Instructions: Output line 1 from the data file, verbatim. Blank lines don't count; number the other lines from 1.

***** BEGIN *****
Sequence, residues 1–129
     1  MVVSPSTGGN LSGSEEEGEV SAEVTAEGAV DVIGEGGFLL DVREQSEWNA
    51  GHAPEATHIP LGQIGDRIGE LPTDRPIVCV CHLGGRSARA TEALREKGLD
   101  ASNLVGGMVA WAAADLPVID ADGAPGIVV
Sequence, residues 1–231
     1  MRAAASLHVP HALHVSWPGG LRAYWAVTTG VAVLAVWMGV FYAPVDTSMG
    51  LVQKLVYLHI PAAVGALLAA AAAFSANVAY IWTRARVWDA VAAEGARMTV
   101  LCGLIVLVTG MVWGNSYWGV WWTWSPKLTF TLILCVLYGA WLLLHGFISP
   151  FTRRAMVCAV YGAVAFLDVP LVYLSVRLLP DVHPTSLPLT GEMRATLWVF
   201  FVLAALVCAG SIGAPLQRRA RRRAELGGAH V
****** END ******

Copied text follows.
Sequence, residues 1–129